Bugs Chained: How to Apply Thresholds to Issue Metrics
Posted on 06/21/2017 by Rainer Niedermayr
The issue metrics are an exciting feature of Teamscale. They allow you to analyze and visualize issues (a.k.a. tickets) of an issue tracker using a query language. Benjamin presented this feature in a previous blog post.
In this post, I will show how issue metrics can be used in threshold configurations to assess the number of critical bugs. Threshold configurations define thresholds for a set of metrics and are applied by Teamscale to automatically compute ratings for the current metric values of a project. The blog post on threshold configurations gives an introduction into this feature.
Combining issue metrics and threshold configurations renders it possible to get an overview of the trend of issue metrics of a project. Furthermore, it is possible to present the trend chart with its corresponding yellow and red threshold, whose value may depend on the point of time.
Show overview of issue metrics
I will explain how you can create a threshold configuration with issue metrics to assess the number of critical bugs. First, we need to create an issue metric in the issues perspective. Auto-complete will help you to define the query; refer to the issue-metrics blog post or the user guide for further information about the query language. After submitting the query, the matching tickets are listed and we can create an identifier for the metric from the query (see Figure 1). We will need this identifier later on to reference the metric.
Figure 1: Issue query
Next, we switch to the Projects perspective, open the Thresholds view, and create a new Threshold Configuration. We specify a name for the configuration, add a group, and add a metric to the group. In the metric selection dialog, we select »[Issues] Issue«. We want to create a metric for the number of critical bugs, therefore, we specify that low metric values are good (see Figure 2).
Figure 2: Add an issue metric to the configuration
Next, we fill »Critical Bugs« into the custom name field, which specifies the display name to be shown for this metric. Then, we specify the issue-metric identifier, which references the previously created metric, in the sub path field. Furthermore, we define threshold values. We specify 50 as yellow and 80 as red threshold such that the metric will be rated as red if the number of critical bugs exceeds 80, as yellow if it is between 50 and 80, and as green if it is below 50 (see Figure 3). Then, we save the threshold configuration.
Figure 3: Metric Threshold Configuration
Use of dynamic thresholds
Let’s say that we don’t want to have constant threshold values. We want to allow a higher number of open critical bugs at the beginning of the development phase, however, the number should decrease the closer we get to the release date. Therefore, we create further threshold configurations that specify lower threshold values for this metric. Note that it is possible to inherit from a threshold configuration, such that you don’t have to create each configuration from scratch. Instead you can reuse a base configuration and override the threshold values.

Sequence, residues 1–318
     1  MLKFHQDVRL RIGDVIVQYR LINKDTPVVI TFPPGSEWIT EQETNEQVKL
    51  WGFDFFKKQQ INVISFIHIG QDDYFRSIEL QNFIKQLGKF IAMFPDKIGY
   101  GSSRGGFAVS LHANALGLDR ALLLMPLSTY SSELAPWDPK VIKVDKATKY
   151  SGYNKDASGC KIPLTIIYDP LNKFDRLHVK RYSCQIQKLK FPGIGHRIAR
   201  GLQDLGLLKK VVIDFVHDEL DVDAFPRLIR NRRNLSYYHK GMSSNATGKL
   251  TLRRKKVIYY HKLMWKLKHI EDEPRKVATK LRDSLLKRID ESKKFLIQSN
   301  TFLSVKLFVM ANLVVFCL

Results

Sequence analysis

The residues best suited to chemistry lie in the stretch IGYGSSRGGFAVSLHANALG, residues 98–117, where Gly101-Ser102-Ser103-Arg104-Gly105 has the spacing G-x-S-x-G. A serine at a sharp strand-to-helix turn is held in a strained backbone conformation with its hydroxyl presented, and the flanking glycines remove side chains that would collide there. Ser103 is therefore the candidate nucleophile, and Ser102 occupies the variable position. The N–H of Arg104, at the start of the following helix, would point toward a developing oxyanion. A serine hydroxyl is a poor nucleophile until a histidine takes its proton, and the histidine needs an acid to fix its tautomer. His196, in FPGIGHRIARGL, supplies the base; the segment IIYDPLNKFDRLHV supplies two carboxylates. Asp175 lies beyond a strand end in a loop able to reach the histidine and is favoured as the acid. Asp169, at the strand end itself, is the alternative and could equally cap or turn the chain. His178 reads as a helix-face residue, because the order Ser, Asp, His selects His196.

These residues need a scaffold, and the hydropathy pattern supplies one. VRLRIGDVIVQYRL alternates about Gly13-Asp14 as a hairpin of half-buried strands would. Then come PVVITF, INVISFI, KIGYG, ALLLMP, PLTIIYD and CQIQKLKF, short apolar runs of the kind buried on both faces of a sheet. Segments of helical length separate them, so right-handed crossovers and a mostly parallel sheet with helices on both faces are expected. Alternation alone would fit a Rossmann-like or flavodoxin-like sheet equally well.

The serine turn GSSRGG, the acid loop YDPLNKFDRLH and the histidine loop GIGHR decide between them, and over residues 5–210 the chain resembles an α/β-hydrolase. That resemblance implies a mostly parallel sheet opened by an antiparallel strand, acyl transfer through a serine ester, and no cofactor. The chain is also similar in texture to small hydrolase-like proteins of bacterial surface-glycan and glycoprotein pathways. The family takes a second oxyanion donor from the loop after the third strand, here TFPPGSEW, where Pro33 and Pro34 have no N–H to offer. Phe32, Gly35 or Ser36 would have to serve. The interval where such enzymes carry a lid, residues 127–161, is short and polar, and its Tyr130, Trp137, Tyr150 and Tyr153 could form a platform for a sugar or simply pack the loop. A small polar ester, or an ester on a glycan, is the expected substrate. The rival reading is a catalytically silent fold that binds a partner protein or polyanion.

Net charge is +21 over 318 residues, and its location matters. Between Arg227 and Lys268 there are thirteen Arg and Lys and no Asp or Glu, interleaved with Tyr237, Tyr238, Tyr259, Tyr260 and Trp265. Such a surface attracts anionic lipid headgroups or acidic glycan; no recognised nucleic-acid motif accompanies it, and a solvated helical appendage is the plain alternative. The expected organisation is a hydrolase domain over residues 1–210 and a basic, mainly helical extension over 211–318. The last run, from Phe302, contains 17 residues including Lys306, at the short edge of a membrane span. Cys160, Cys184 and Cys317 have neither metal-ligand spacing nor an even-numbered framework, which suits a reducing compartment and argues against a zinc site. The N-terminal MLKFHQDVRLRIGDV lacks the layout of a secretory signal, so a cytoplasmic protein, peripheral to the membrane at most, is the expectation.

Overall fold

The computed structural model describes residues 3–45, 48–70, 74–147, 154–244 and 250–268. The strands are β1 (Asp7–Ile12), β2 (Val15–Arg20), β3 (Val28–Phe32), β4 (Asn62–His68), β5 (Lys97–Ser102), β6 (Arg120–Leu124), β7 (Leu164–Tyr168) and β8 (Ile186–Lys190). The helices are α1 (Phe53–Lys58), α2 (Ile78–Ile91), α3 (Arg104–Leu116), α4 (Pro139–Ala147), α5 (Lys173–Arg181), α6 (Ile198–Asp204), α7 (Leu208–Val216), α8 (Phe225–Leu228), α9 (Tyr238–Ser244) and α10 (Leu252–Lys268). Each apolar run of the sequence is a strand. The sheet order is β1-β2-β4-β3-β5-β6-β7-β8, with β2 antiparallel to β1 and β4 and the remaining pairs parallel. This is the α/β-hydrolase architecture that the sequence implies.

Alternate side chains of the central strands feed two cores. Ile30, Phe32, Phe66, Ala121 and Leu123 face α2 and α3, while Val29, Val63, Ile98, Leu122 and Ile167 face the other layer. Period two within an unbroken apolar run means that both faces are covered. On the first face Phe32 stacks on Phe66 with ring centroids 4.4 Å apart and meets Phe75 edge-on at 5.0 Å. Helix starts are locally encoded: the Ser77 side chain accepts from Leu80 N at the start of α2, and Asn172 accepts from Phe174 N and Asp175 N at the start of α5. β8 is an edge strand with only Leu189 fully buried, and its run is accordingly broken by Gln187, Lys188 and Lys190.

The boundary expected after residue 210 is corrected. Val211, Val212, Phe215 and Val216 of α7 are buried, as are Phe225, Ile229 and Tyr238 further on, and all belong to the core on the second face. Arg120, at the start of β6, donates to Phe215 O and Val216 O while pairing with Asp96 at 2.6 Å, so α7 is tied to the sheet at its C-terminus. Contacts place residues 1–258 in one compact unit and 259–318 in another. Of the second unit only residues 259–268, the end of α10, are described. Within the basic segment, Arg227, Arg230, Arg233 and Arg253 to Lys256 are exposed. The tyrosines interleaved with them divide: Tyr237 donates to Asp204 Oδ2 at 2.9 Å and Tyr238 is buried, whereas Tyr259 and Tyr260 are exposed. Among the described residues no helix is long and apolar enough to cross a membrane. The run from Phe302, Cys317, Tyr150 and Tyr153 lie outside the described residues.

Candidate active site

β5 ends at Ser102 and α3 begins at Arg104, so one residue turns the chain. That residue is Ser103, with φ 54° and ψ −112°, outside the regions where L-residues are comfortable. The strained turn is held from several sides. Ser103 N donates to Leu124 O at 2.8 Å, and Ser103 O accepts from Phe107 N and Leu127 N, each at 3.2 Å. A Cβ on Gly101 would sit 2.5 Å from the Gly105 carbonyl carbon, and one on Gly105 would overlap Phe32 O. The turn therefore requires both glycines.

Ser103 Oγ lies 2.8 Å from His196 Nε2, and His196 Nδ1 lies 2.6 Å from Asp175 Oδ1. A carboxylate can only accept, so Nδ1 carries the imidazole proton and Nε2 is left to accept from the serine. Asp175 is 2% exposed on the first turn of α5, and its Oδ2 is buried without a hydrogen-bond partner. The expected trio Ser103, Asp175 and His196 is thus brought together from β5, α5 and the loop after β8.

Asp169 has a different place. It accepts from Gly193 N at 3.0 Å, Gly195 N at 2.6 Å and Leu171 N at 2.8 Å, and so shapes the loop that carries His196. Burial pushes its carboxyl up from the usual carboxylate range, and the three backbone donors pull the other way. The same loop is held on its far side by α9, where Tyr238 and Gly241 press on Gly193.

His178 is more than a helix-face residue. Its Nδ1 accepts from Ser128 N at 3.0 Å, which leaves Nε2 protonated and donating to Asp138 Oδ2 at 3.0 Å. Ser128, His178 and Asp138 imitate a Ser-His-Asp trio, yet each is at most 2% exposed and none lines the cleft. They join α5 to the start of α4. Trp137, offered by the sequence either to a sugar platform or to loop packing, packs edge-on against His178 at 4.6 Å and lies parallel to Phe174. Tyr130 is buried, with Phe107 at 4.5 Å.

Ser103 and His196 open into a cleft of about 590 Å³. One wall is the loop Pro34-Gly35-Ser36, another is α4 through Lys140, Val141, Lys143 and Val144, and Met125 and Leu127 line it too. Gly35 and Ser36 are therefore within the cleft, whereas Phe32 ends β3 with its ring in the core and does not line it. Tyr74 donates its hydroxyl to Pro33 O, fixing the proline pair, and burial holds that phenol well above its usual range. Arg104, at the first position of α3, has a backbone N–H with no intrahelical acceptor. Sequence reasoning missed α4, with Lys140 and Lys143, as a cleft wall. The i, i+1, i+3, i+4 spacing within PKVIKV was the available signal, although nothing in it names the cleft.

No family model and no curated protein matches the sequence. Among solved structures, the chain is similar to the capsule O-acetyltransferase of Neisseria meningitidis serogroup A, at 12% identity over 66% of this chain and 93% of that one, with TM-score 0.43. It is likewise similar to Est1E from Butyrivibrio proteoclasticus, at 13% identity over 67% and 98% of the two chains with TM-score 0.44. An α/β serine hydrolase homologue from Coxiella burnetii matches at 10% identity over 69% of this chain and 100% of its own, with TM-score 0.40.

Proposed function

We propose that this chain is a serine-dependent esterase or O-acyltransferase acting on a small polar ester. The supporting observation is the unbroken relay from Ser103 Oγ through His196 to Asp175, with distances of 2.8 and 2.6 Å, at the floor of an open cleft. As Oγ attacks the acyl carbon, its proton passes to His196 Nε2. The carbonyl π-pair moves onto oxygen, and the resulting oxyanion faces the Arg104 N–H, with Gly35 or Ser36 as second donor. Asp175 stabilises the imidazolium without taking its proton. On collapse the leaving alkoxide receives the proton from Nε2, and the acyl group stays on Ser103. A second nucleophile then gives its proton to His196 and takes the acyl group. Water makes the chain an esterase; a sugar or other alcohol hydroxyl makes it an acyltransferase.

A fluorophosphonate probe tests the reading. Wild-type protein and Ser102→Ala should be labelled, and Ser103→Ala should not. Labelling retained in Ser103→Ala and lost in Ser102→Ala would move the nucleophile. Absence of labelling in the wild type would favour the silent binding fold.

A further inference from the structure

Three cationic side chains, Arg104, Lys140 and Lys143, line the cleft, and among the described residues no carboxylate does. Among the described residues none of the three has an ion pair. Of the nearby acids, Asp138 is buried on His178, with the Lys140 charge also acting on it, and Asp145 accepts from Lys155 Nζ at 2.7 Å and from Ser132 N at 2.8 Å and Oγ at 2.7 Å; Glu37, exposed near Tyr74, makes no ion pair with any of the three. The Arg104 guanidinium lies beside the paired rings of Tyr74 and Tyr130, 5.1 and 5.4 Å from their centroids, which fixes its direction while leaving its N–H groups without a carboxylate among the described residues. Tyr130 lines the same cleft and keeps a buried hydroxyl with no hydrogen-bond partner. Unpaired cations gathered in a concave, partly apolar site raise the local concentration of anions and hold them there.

As next step, we open the project options and specify which configuration shall be valid in which time span. We can simply add threshold configurations and specify their start date (see Figure 4). Each configuration will be valid until the start date of the next configuration. Note that the specified threshold values are valid for the day of the start date; the values for the time span between two configurations are computed using a linear function.
Figure 4: Threshold Configurations and their validity time-span
Now, let’s create a new dashboard and add the Metrics Table widget (see Figure 5). It will show all specified metrics and their rating according to the currently valid threshold configuration (as configured in the project options). In the widget options, we activate »Show rating« and »Show trend« to display the according icons. A click on the trend icon presents the trend chart of the metric with the thresholds in the background. The thresholds can also be directly displayed in the Metrics Trend Chart widget (see Figure 6) by activating »Show thresholds« in its options.
Figure 5: Metrics Table widget with rating and trend icon
Figure 6: Metrics Trend Chart widget showing the trend of the »Critical Bugs« metric with dynamic thresholds
Issue metrics and threshold configurations are two powerful features of Teamscale. In this blog post, I showed you how you can combine them to get an overview of critical bugs in a project and chain them using thresholds.